Perry has a lot of work to do to get back to title game
By DAVE ORNAUER | STARS AND STRIPES Published: August 20, 2018
Fourth in a series of looks at high school football camps around the Pacific theater.
MARINE CORPS AIR STATION IWAKUNI, Japan – After playing in the last two Far East Division II championship football games, Matthew C. Perry finds itself starting over almost completely.
What graduation didn’t claim among the Samurai’s veterans, transfers finished. And the Samurai are left with just seven returning starters, with just one truly sizeable player in junior Marshall China.
But China and his fellow returnees say they’re not worried about following the previous Samurai teams’ acts, but creating one of their own.
“We have good discipline and teamwork,” China said. “If we just play good football, we can still hang a banner.”
“It’s a whole new crew,” coach Frank Macias said. “They’re enthusiastic, they’re excited about carrying on who we are, but doing it in our own way. But we coaches have our work cut out for us.”
That work starts in the interior, where just two sizeable players line up, China and senior Derek Jacques. Experience is lacking in the rest of the line, as well as a pronounced lack of size.
“That’s a very real thing,” Macias said of the experience level. And for the moment, only 27 bodies are out for practices, so depth is also an issue “We don’t have the depth this year that we had. If our front five isn’t solid, nothing works.”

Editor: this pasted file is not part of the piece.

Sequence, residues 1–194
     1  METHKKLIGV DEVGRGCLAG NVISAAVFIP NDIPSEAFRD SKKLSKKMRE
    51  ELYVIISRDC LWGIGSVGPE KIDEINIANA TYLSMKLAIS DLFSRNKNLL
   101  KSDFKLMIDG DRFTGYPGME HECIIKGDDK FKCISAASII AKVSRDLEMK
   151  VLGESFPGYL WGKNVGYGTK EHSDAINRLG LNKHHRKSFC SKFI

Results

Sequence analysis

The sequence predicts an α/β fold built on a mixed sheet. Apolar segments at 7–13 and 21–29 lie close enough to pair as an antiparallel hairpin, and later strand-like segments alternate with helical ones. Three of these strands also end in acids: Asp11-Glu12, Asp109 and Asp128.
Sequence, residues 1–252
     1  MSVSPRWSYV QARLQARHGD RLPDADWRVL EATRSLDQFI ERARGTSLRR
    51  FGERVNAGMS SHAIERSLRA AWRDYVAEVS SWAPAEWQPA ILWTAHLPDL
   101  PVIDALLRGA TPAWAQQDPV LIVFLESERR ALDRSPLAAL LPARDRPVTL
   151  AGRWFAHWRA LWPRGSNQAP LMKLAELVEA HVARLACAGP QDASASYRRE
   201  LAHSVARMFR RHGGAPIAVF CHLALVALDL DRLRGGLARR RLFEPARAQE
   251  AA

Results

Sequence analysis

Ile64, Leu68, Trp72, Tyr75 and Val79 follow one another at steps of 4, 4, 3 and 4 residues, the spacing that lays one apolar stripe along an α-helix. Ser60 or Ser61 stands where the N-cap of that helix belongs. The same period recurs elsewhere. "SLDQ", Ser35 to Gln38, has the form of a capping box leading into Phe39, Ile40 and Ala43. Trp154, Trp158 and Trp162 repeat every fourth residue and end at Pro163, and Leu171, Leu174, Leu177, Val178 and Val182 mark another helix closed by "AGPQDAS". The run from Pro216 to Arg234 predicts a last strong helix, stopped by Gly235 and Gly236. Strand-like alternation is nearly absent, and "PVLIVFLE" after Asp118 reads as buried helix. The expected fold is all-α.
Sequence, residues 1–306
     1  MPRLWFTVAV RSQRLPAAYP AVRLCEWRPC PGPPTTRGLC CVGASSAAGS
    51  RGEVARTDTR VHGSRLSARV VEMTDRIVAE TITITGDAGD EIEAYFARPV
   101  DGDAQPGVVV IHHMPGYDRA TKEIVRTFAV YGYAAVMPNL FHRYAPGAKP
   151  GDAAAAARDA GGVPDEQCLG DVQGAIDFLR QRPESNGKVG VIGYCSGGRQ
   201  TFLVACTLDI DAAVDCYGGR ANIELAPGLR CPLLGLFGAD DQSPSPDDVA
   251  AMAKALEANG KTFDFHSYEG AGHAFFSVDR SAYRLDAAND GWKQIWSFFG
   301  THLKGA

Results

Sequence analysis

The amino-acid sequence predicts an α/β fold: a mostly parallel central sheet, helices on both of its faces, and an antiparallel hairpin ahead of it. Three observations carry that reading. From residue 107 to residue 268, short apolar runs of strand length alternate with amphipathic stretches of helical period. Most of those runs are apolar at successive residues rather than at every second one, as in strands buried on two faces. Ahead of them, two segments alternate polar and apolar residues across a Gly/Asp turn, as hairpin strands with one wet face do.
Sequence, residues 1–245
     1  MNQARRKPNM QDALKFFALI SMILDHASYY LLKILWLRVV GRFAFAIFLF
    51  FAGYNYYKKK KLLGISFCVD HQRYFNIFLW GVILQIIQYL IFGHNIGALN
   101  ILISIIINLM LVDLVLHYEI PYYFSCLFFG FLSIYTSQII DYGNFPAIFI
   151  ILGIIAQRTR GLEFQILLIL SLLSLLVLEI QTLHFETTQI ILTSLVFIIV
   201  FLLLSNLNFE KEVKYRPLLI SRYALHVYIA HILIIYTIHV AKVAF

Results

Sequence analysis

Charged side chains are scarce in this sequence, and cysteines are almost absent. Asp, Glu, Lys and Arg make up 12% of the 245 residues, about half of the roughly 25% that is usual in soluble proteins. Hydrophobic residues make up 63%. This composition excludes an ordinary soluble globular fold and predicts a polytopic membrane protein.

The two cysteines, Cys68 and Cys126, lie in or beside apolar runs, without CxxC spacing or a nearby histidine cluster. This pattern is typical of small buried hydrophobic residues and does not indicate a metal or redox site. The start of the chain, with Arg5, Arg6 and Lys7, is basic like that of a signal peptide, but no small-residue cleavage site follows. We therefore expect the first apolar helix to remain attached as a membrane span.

Then, there’s the matter of replacing the team’s top five running backs who totaled 1,356 yards and 22 touchdowns on 262 carries. The leading rushing returner is China (63 yards, 1 TD, 15 carries), but he’s needed in the line.
And for the first time since Macias transferred to Perry eight years ago, the Samurai don’t have a player named Macias on the roster. The starting quarterback the last three years, Garrett Macias, graduated last June.
In many ways, Macias said, the team reminds him of the first one he coached at Perry, in 2012, when the program rebooted following a nine-season hiatus.
“But the coaches are hopeful” the Samurai can build with time, the elder Macias said. “The kids are working hard. They ran their own practices during the summer. There’s a hunger here that wasn’t quite here last year.”
Already, two players are battling to fill the quarterback shoes, sophomore Matthew Ramp and junior Matthew Torrecillas. Each can also line up at wide receiver; the Samurai might incorporate some passing to complement the team’s trademark double-wing offense.
“They’re really learning,” Macias said of his two quarterback protégés. “Replacing Garrett is tough, but we don’t talk about what we don’t have. They’re working hard. We’ll see what happens.”
As to how much they’ll pass instead of run, Macias remains one who prefers to coach a running game. “We have to keep it simple,” he said. “Three yards and a cloud of dust tends to work the best.”
It’s just a question, Macias says, of how steep the learning curve is that will determine how quickly the Samurai will get well.
“The kids have a good work ethic, they’re putting in the time and the effort, they’re enthusiastic and they have a good attitude,” Macias. “The wins and losses will take care of themselves. I’m excited.”